Table 6 also shows selected activity statistics for each course. CS50X is excluded, as CS50X course activity was logged on a separate platform. The number of “clicks” is operationalized as the number of events (e.g. video plays, e-text page accesses, problem attempts, forum posts) in the server log files. This serves as a rough indicator of the total discrete actions that a user takes in a course. This number is unsurprisingly much higher for registrants who explored or were certified. The “active days” metric is a similar effort at describing a user’s activity in a particular course. It is simply the number of discrete days, demarcated in UTC time, that a user engages in some type of course activity.
For all registrants who viewed a course, the typical registrant accessed course content over two to five separate days, depending on the course. For registrants who explored or were certified, the typical registrant accessed course content over 24 to 63 separate days, depending on the course. Variation across courses is related to the length of the course and the amount of content, among other factors.
Discussion forum usage rates range across courses. Table 6 shows numbers of registrants who post one or more times in the discussion forums. Figure 11 displays the percentages of course “viewers” who post at least once in the forum, which range from 6.5% of viewers in Circuits- 3:6.002x to 25.7% in JusticeX and 33.3% in Biology:7.00x. Among certified registrants, discussion forum usage is more prevalent, with percentages ranging from 37% in Circuits- 3:6.002x to 62% in HeroesX and 70% in Biology:7.00x. Distributions of forum usage show extreme positive skew, with small but substantial numbers of registrants posting frequently. Excluding instructors and staff, dozens of registrants had post counts in the hundreds, and a few had post counts in the thousands.
Figure 11. Forum participation: percentages of “viewed” registrants and certified registrants with 1 or more forum post, by course.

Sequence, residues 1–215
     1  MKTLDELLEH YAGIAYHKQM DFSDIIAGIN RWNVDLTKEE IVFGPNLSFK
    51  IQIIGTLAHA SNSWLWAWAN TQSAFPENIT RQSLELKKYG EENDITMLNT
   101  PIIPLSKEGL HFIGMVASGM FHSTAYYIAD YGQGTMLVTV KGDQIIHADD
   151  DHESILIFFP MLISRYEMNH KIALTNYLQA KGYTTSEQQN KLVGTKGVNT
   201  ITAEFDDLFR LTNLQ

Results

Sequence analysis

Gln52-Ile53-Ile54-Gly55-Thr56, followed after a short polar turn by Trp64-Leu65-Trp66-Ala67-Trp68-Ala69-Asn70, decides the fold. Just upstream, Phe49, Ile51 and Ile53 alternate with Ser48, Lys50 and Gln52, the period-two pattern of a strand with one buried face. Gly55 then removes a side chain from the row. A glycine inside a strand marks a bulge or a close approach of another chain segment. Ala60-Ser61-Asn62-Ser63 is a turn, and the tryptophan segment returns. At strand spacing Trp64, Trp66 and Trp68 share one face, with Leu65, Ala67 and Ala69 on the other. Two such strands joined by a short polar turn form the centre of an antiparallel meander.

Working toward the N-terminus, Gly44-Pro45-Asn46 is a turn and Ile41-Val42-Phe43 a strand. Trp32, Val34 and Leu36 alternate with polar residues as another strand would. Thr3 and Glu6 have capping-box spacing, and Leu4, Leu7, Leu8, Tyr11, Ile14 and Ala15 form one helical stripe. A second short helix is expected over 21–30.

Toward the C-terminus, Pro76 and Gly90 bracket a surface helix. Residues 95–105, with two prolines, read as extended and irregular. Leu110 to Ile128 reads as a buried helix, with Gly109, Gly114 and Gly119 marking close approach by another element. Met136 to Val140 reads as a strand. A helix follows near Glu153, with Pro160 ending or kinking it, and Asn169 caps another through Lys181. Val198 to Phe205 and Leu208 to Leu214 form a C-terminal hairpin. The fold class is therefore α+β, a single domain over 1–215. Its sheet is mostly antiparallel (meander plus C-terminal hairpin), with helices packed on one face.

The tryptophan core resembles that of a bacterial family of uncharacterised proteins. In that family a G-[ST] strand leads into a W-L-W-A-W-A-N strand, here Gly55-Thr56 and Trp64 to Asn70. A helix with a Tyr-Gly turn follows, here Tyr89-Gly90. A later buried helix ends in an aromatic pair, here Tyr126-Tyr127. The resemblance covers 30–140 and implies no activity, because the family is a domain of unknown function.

Figure 12 shows percentages of registrants whose last actions in a course are in a given week, referenced by the beginning of the course or the registration enrollment date, whichever is sooner. This is known in some fields as a plot of “hazard probabilities” that describe the rate of attrition in a given time period, for individuals who have persisted to that time period. In this context, the plot describes the week-to-week percentages of registrants whose last action in a course is in that particular week. The plot shows largely similar patterns across courses, where, on average, half of registrants in the first week have their last activity in that week. In subsequent weeks, the percentage of students who remain are unlikely to have their last activity in any remaining week. This pattern continues until the ends of courses (not shown due to variability in course durations), where percentages rise again as courses end, and viewers and explorers are active for the last time. The plot indicates that registrants who are active after the first week have a fairly low chance of leaving in subsequent weeks.
Figure 12. Average percentage of active registrants whose last action in a course is in a particular week. For example, among registrants still active by Week 5 of a course, around 10% will have their last action in that week. Only includes registrants enrolling before the third week of the course. CS50X is not included. Selected individual course estimates are shown in gray to illustrate course-to-course variation. The course-level average percentage is shown in black.
Finally, Figure 13 begins to demonstrate how course activity metrics can tell a more complete story about opportunities to learn than assessments can alone. Figure 13 plots distributions of the percent of course chapters accessed by students along the horizontal axis. On the vertical axis is the course grade, adjusted in a piecewise linear fashion so that 0% and 100% retain their meaning but 60% is the passing cutoff for all courses. Grades of 0% and 1% are excluded in the histogram to avoid distorting the scale but are included in the scatterplot. Every registrant is represented as a dot on this plot, with “only registered” registrants at the origin, “only viewed” registrants in the lower left quadrant, certified students above the horizontal line, and “explorers” to the right of the vertical line. The registrants in the lower right quadrant are of particular interest and generally overlooked, we argue, by short-sighted certification rates. However, the overall story concerns the vast numbers of students who exist in all regions of this scatterplot, representing the immense diversity of learning approaches that registrants take in these open online courses.
Figure 13. Distributions of course activity (in terms of the percentage of chapters accessed) and course grades (for grades above 1%, linearly adjusted across courses to a common certification cutoff of 60%). CS50X is not included.